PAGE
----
In early 2005, it was big news. A massive bomb blast on a main road near the Beirut waterfront killed former Lebanese Prime Minister Rafik Hariri, and 22 others. The Lebanese rose up, blaming their Syrian occupiers and demanding that Syria withdraw from Lebanon. The UN launched a high profile investigation into the Hariri assassination, amid a lot of grandstanding about truth and justice. And then… it all went on, and on, and it became ever more confusing to keep track. Eventually the UN Security Council created a special tribunal, seated in The Hague, with chambers and a prosecutor and a defense team, and a holiday schedule. The tribunal eventually indicted four members of Hezbollah.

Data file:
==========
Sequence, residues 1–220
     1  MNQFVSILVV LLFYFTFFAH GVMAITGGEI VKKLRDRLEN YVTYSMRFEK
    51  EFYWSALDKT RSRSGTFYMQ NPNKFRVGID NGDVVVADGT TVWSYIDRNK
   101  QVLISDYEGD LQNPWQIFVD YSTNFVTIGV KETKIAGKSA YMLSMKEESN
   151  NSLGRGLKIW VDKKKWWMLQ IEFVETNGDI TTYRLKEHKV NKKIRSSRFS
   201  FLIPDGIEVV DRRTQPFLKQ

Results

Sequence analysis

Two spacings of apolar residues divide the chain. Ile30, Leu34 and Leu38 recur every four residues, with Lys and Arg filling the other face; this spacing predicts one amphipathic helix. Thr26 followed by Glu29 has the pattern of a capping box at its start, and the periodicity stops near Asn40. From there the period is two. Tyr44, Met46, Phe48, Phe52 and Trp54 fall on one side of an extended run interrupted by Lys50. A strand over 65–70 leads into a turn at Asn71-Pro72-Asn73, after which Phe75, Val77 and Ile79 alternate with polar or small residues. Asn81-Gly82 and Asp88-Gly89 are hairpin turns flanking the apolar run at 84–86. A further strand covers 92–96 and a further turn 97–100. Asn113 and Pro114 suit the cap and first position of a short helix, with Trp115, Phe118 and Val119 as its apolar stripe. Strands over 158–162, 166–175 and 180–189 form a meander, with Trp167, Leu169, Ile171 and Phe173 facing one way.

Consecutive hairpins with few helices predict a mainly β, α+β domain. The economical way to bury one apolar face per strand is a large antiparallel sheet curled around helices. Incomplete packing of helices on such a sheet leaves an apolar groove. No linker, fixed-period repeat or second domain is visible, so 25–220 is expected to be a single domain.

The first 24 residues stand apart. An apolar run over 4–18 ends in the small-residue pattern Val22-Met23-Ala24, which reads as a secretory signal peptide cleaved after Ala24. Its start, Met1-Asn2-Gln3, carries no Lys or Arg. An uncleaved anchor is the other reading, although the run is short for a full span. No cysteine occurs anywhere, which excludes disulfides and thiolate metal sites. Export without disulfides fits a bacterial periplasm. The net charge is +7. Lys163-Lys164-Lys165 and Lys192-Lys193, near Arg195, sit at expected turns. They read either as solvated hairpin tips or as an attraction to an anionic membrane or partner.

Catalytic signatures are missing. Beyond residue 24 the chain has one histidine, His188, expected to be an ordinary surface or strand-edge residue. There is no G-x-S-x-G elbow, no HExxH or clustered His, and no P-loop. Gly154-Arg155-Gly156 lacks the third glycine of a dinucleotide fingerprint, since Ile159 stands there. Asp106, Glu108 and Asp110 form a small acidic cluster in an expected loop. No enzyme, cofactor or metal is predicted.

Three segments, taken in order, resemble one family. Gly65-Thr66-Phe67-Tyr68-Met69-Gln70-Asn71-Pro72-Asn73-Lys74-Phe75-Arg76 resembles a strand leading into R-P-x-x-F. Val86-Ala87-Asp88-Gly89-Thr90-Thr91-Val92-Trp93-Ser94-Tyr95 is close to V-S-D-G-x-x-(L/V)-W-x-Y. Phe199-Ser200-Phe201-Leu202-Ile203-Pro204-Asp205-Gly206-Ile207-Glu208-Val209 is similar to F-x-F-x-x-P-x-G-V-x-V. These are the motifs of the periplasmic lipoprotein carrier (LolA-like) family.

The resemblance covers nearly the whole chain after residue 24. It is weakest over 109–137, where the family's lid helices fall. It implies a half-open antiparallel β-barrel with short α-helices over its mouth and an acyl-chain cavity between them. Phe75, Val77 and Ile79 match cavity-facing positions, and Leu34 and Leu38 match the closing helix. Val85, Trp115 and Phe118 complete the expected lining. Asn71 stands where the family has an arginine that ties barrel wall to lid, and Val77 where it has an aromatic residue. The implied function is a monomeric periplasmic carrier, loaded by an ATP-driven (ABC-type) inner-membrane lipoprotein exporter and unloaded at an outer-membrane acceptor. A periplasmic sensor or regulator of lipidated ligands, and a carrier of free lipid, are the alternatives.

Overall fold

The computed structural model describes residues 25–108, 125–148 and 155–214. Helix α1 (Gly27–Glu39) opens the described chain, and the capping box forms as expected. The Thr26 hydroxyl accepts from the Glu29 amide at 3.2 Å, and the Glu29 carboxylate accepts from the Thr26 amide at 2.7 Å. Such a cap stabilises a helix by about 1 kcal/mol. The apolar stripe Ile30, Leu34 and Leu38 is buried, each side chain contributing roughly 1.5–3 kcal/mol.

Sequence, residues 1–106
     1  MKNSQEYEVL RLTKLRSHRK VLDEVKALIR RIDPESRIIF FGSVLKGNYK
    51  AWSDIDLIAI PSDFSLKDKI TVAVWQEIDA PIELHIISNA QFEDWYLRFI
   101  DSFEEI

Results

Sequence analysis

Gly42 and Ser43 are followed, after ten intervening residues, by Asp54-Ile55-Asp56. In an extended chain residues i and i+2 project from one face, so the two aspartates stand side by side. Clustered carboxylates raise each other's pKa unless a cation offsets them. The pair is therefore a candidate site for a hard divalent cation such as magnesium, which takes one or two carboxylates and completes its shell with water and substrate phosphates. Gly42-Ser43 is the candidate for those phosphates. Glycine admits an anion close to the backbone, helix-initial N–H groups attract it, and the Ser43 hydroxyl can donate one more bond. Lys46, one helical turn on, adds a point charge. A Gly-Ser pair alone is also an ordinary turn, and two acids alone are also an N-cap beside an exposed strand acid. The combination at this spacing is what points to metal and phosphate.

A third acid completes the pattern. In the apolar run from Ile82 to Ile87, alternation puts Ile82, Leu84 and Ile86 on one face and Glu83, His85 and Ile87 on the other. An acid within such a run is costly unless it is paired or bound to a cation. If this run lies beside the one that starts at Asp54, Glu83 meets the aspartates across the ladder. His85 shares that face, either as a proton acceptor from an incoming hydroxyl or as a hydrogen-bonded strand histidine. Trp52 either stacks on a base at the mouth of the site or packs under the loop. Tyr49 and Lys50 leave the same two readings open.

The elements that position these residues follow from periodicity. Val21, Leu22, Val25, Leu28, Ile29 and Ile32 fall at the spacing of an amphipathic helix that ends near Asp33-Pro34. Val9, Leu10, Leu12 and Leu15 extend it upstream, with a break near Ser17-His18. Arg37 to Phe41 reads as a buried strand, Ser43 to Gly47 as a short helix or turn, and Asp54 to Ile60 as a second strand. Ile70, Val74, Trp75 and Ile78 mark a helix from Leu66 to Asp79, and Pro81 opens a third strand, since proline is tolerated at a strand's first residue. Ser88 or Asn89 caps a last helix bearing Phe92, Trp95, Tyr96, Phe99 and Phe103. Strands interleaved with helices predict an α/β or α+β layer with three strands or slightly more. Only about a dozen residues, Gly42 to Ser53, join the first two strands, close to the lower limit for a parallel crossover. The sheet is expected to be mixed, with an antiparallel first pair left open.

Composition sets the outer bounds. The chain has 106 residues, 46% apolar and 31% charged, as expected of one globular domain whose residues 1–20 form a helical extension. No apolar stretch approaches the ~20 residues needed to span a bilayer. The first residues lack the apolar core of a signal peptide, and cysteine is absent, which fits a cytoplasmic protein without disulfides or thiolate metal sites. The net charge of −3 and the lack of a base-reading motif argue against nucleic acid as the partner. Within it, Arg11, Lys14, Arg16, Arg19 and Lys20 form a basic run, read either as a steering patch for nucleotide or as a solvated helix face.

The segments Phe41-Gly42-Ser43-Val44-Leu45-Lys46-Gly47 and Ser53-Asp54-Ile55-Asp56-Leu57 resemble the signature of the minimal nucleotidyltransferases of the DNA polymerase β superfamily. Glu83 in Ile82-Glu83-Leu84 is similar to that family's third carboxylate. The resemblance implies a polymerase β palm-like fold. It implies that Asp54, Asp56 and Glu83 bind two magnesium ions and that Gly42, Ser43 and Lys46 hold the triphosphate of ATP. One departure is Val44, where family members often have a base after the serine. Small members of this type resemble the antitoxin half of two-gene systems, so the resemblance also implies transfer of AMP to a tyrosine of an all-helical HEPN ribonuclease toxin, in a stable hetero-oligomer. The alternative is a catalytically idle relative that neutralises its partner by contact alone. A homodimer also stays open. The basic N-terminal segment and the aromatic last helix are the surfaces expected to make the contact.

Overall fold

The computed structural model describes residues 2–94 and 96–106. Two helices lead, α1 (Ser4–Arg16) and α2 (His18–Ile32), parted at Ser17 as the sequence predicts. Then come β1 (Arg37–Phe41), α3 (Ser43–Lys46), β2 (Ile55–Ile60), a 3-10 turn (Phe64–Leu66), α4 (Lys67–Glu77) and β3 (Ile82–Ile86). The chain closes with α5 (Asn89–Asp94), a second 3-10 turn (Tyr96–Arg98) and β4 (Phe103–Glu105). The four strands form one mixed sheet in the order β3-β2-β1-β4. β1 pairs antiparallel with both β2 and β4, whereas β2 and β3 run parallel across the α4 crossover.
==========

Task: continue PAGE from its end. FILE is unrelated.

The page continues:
So where do things now stand?
Well, there was actually a bit of news this week. A judge at the tribunal has now set a tentative date for the trial to begin: March 25, 2013.
None of the four men indicted are actually in custody. It’s expected that they will be tried in absentia. By the time their trial begins (assuming the tribunal sticks to its tentative schedule) more than eight years will have passed since that bomb blast in Beirut. If the aim was to spend millions of dollars creating another UN-backed quasi-permanent institution, the entire venture might be considered a great success. If the aim was to deliver justice, and bring to account the terror-masters behind the assassination of Hariri, and a great many others, this project is looking ever more like another indictment of the UN system itself.